This stuff is obvious. But Jung’s notion of the collective unconscious is roiling around the lyrics of Synchronicity, also. William Butler Yeats, the Irish poet, had a similar concept that he called spiritus mundi, the world-soul, and that phrase gets an explicit shout-out in “Synchronicity I.” Both the mythological tropes in “Wrapped Around Your Finger” and the nonreferential symbolism of “King Of Pain” play with the concept in different ways. The former song, about the shifting power dynamics of a romantic relationship, gains a greater resonance by its references to the Odyssey and the Faust legend — myths found, in various forms, in cultures around the world and deriving, Jung theorizes, from universal, primordial patterns hardwired into the human psyche. In a similar fashion, “King of Pain” paints a string of images that, despite having no obvious literal meaning, evoke a cumulative emotional affect.
What else? We know that S-to-the-Ting sprinkles his songs with lines from Shakespeare, but that’s pretty much a given; Shakespeare basically invented the English vernacular, and you yourself probably quote him a dozen times a day without realizing it. In the run-up to Nothing Like the Sun, he mentions reading a good deal of history, including a book by Buckminster Fuller that I assume to be Critical Path — again, not so much a history book as a theory of history.
We could keep going, song by song, album by album, but I think we get the idea. Not a lot of hard science on this reading list; no biology, no mathematics, no physics. Which is not to say that the Stingster hasn’t read the works of, say Carl Sagan or Stephen Hawking — simply that he hasn’t written songs about them. It’s not a bad list. It favors the sort of pop philosophy that still makes the bestseller charts; Koestler, Jung, Mailer, Fuller — they’re big names, but they also sold a shedload of books, and you don’t do that if you’re writing stuff inaccessible to the well-read layman. You know. Like you and me.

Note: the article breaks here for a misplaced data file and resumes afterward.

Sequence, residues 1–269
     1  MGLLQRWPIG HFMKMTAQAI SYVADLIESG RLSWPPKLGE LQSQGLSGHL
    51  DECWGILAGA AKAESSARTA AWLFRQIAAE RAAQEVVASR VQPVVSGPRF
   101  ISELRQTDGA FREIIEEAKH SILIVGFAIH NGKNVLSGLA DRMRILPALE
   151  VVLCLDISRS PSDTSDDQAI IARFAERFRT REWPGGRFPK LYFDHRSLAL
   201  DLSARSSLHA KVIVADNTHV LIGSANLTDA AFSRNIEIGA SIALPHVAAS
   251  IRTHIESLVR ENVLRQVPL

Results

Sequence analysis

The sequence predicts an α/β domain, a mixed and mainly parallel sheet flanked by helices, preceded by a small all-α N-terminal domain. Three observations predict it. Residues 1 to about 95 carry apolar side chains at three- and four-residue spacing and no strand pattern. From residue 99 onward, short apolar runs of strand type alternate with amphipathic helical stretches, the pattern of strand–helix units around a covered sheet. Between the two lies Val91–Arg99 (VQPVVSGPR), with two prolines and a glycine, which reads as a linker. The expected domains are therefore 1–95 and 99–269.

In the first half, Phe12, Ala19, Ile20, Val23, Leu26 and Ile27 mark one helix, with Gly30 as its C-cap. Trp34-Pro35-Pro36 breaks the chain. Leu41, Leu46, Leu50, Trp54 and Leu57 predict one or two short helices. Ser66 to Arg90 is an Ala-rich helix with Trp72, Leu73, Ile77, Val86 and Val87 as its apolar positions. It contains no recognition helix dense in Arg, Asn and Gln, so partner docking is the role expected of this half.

Look around you. Malcolm Gladwell is a bona fide celebrity, and his works on social psychology are tearing up the bestseller lists. Astrophysicist Neil deGrasse Tyson has an open invitation to The Daily Show. Jared Diamond talks about anthropology on to The Colbert Report. Jesse Bering has a regular gig at Slate writing about evolutionary psychology. You can watch TED Talks all day and night from your home computer. Being a well-read layman, in other words, is easier than ever — whether you write songs about it or not.
Our cultural fetish for “authenticity” is starting to fade now, thank God, and the stigma of being “clever” is going with it. Poverty and ignorance are only romanticized by people who have experienced neither; those who have grown up surrounded by them know better. And while he may be the Duke of Stingcaster now, young Matt Sumner, the milkman’s son — nobody ever called him Gordon — he knew better. Being clever was his ticket out of Wallsend, and good for him.
And if he can’t stop showing off, if he always seems to be trying a little too hard, well, that’s something you often see when a dude is from circumstances. A certain overcompensation. When you’ve clawed your way out through hard work and study and good fortune, you’re never going to look at the money and the learning that have gained you this life and say, Yeah, this is enough. Because once you get out, you don’t ever want to go back. And you can never be too sure.